The Kune Falls is a prime attraction in Khandala. Falling from a height of 100 ft above, the Kune Falls is one majestic waterfall nobody should miss out on. Between Lonavala and Khandala, tourists are allowed to get wet in the shower. This site is best experienced during the monsoons.
The Bhushi Lake is a one stop destination if you happen to be a nature lover. Located in Khandala, this spot is ideal for a lazy afternoon spent in relaxing by the banks. Its serene and tranquil surroundings and crystal clear water provides immense opportunities for the tourists to rest in peace.
Several other lakes are strewn across Khandala. Visit the Tugauli Lake, Lonavala Lake and the Walvan Dam for a soothing and memorable experience.
The Karla and Bhaja Caves are one of the greatest tourist attractions in Khandala, at a mere distance of 16 km from the hill station. These enormous antique beauties date back to as early as the 2nd Century BC. They belong to the Hinayana sect of Buddhism and are among the most ancient and excellent examples of Buddhist rock-cut temple art in India.
The Reversing Station is a fantastic point near Khandala. The spot outside tunnel no. 26, this old place belongs to the railways and now remains unused. During the night, this place is illuminated with hundreds of lights and it becomes alive and gives a magnificent view.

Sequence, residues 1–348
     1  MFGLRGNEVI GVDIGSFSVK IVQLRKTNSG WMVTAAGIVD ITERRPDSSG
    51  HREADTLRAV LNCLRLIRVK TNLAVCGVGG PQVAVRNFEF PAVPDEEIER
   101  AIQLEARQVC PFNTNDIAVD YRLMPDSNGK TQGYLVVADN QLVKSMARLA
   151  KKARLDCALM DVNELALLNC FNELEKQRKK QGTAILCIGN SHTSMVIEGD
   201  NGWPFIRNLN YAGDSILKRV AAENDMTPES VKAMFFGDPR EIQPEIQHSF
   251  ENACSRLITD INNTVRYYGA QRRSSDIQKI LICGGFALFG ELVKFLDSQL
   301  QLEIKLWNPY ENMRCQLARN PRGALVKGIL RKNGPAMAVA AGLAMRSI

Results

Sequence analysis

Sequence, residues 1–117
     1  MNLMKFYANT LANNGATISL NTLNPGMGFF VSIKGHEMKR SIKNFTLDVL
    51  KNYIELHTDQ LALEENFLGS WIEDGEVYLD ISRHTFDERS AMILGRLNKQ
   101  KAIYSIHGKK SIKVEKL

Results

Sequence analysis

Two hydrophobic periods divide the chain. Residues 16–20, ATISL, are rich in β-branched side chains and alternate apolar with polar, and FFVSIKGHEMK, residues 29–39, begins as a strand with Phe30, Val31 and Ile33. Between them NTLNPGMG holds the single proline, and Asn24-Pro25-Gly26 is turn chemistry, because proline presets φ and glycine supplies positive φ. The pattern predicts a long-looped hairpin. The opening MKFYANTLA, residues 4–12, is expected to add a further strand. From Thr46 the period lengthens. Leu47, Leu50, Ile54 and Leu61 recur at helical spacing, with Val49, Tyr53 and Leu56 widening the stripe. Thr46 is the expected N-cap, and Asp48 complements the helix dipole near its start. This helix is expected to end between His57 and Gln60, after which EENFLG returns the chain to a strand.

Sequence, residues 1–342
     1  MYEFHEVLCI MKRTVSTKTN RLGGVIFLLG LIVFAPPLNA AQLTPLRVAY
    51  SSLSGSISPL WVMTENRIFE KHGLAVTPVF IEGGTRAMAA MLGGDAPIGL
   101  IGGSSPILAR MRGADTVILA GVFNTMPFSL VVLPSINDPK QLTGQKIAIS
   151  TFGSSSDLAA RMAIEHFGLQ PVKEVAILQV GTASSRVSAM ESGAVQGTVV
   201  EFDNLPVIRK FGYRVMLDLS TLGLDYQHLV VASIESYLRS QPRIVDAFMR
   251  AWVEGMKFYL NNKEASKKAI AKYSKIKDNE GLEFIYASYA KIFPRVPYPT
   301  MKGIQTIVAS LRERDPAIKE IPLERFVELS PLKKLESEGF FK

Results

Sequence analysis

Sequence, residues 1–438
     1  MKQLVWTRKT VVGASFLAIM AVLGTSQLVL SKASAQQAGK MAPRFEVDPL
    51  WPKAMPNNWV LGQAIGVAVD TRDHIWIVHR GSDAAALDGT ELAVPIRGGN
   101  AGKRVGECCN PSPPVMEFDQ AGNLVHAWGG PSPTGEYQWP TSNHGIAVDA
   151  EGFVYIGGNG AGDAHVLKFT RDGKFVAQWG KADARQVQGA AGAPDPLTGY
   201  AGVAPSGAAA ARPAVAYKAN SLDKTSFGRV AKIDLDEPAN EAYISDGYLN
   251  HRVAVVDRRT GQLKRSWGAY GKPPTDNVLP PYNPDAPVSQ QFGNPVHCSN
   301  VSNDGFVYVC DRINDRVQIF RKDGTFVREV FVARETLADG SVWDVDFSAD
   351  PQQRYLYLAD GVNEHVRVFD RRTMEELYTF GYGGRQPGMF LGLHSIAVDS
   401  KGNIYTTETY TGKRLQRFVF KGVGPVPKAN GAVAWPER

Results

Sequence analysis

Amrutanjan Point is yet another point at the beginning of the Khandala Ghat, situated at the end of the first slope. It provides a breathtaking view of the places nearby. The point aptly showcases the magnificence of the valley as well as the Duke’s Nose. The city of Khopooli can also be seen from this point.
Shivaji Park is a sought-after destination in Khandala. Earlier a playground, this area was converted into a beautiful garden in 1956. It has a monumental statue of Shri Shivaji Maharaj, the great Maratha ruler.
Ryewood is a big and beautiful garden that is replete with majestic, tall trees. Situated between Lonavala and Khandala, the etymology of the name is a little tricky. Some claim that the Woods were named after a certain English Officer Mr. Rye, while others suggest that the name Ryewood stems from the Marathi word ‘Rai’ – which means thick forest.
The garden is blessed with many varieties of trees that are decades old. In its earlier days, it was a botanical garden that was later converted to a park. There is an old Mahadeo Temple situated here. This garden covers a lot of ground and is open for children to play.
The Tiger’s Leap is a mesmerizing point in Khandala. One of the most fascinating places in Khandala, a careful observation of the Valley from this point gives you the appearance of a tiger leaping into the valley – the reason behind this site’s unique name.
Special arrangements have been made for the tourists to view the panoramic site of the valley, i.e., via the safe confines of a big hole from this point. Throw a stone from this point and see it ricochet down the valley as it gets destroyed on the way.
The Monkey Hill is a favourite picnic spot amongst local tourists in Khandala. A huge, flat land to the south of the railway tracks, this place is exactly above Khopoli Town and can be approached from Khopoli as well as Borghat reversing station.
If you are an adrenaline junkie, try out the mind-blowing rock climbing adventure that Khandala has to offer. Climb the Duke’s Nose peaks, and the other areas in Karla hills and get fascinated by the vast expanse of countryside that can be viewed from the top of the Duke’s Nose.